Organize yourselves; prepare every needful thing; and establish a house, even a house of prayer, a house of fasting, a house of faith, a house of learning, a house of glory, a house of order, a house of God;

2 Nephi 9:29
But to be learned is good if they hearken unto the counsels of God.

Thirteenth Article of Faith
We believe in being honest, true, chaste, benevolent, virtuous, and in doing good to all men; indeed, we may say that we follow the admonition of Paul—We believe all things, we hope all things, we have endured many things, and hope to be able to endure all things. If there is anything virtuous, lovely, or of good report or praiseworthy, we seek after these things.

“I should like to suggest that you follow that injunction given by the Son of God. With all of your learning, learn of him. With all your study, seek knowledge of the Master. That knowledge will complement in a wonderful way the secular training you receive and give a fullness to your life and character that can come in no other way.” President Gordon B. Hinckley

May 10, 2010

My New Life - A video you don't want to miss

A beautiful video that really helps you appreciate what you have and to enjoy your loved ones every day. This has helped me refocus on the blessings I have and privilege it is to be a mother.

My New Life

Mother's Day Mayhem

Two fun stories about Mother's Day. My 6-yr-old has his first loose tooth and is beyond excited about it. We had friends over for dinner and the boys were off playing when my son ran up to me, literally jumping up and down with joy. "My tooth came out! My tooth came out! I lost my first tooth! Josh pulled it out with the cape."

Yes, his friend had put a cape in my son's mouth and yanked really hard in an effort, conceived by both of them, to get the tooth out. It worked and the tooth went flying. We were crawling around on our hands and knees for 15 minutes trying to find the tiny thing.

His older brothers helped him decorate the envelope for the Tooth Fairy. It read, "Ten bucks please. Will pay you back with interest."

My mom told me the next story about one of my sisters. She is trying to potty train her 3-yr-old son with some success. He'll pee in the toilet, but prefers not to poop. Such is his aversion to pooping in the toilet that he hadn't done any since Thursday and was clenching his butt cheeks tightly to make sure nothing came out.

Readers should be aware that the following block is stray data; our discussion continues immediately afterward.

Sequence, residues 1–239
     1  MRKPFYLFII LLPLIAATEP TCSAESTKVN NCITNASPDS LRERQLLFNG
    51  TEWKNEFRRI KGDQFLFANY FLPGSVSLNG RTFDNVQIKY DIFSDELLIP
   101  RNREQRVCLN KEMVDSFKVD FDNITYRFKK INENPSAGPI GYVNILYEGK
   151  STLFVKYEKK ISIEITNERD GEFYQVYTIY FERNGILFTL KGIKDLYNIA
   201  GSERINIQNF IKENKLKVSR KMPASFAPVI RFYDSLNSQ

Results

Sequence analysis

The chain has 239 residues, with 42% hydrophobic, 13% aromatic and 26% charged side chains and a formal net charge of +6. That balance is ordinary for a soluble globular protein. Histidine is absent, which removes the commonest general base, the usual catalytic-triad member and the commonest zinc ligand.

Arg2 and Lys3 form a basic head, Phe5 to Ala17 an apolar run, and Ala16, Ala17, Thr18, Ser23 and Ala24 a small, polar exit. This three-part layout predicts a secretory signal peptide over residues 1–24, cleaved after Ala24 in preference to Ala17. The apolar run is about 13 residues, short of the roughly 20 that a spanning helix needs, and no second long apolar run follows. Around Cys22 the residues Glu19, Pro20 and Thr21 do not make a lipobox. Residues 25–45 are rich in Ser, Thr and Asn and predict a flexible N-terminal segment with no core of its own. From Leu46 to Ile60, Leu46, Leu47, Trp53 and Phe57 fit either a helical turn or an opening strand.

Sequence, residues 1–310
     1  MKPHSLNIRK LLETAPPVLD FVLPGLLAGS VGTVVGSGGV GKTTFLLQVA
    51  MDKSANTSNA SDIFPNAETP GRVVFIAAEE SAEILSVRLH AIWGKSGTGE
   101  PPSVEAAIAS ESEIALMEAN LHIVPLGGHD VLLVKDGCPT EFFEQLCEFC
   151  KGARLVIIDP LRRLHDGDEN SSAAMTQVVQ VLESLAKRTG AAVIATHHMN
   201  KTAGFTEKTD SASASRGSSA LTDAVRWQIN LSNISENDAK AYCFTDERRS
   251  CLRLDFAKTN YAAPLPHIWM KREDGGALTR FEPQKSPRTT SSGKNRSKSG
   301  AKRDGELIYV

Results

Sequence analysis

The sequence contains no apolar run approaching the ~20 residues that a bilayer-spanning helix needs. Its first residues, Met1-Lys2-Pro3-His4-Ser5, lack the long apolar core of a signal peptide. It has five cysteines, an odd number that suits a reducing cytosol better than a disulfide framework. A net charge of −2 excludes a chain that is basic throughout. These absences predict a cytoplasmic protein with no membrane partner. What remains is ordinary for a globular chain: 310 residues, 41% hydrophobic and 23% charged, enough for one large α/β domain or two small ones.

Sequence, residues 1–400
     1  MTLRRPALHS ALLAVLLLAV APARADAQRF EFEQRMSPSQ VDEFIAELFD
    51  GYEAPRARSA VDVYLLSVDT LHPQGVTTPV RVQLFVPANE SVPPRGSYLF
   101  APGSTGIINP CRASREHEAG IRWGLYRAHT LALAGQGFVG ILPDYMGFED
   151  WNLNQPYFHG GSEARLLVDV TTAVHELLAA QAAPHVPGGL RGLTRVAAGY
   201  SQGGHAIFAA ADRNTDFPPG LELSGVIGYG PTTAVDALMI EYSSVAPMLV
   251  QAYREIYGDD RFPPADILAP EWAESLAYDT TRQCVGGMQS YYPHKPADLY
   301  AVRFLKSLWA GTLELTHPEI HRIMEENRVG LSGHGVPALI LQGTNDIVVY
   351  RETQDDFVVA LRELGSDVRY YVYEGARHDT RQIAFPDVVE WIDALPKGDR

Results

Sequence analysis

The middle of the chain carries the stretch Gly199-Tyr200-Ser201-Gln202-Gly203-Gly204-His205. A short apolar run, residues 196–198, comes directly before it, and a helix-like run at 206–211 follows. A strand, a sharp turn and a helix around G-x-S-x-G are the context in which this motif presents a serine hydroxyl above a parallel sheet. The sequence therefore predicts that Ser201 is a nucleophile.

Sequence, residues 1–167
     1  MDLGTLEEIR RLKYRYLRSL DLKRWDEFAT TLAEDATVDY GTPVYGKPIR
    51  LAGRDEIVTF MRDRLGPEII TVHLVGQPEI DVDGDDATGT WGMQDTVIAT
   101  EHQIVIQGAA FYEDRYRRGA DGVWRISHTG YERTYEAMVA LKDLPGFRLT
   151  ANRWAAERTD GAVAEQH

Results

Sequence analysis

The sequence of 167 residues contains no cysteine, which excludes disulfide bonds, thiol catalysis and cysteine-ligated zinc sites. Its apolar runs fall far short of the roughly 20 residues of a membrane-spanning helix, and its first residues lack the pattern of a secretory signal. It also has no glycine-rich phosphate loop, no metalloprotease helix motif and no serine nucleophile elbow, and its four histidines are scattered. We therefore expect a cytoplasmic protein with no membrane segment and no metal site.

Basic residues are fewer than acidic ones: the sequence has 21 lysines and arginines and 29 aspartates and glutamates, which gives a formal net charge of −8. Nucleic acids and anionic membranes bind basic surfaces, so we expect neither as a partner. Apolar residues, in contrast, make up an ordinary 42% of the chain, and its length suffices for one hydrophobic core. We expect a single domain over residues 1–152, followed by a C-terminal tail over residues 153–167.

Well, a big part of the family was over at my mom's for dinner when my nephew decided he couldn't take it any more and yelled that he needed to go NOW. My sister ran him into the bathroom where he exploded all over. She had to change him then clean up the mess. He was so keyed up from all the excitement that he wet his pants so she changed him again, thus running out of clean clothes for him. She handwashed everything and threw it in the dryer while he sat naked on a chair. Then he pooped on that chair. She had to clean it up. Another 20 or so minutes later and he proudly announced that he wanted to poop in the toilet. And did. Mom estimated that my sister spent over an hour cleaning up poop.

Happy Mother's Day to you all, especially those moms who are potty training!

May 8, 2010

Doing it all

One of my good friends will start homeschooling this summer. She told me that she is starting to second guess herself and worry that she can't do it all. Namely, she said my lists are making her feel like she'll never be able to read all those books. My advice to her, and anyone else out there is, DON'T. Don't read them all. These are just lists with ideas. Yes, I've looked at reviews and researched them and decided these were the best ones (that I could find) for my family. But we WON'T be reading them all. We read what we can find at the library, or from our bookshelves. If we really, really want to study something and can't find any books locally we might buy a few. But we will NOT be reading them all. They are suggestions. (For example, we're studying American History right now. We just finished Paul Revere. Of the 34 books listed thus far, we've only read 24 of them. Some we'll read the next time around or fit into bedtime stories. Some we just dropped.)

The lists are my GENERAL PLAN, as in, it will probably change. We start reading and move on when we're ready. I don't worry about reading a set number of pages a day. I just make sure we read.

When we were first married my husband worked for a company cleaning carpets. His boss explained that the time they take driving to appointments, measuring the rooms, talking to the customers, etc., while important, did not pay. It was the actual cleaning of the carpet that earned money. He encouraged them to do everything as quickly and efficiently as possible and to work the hardest at cleaning the carpets. "Keep the wand moving!" Keep cleaning the carpet because that's what brings in the money.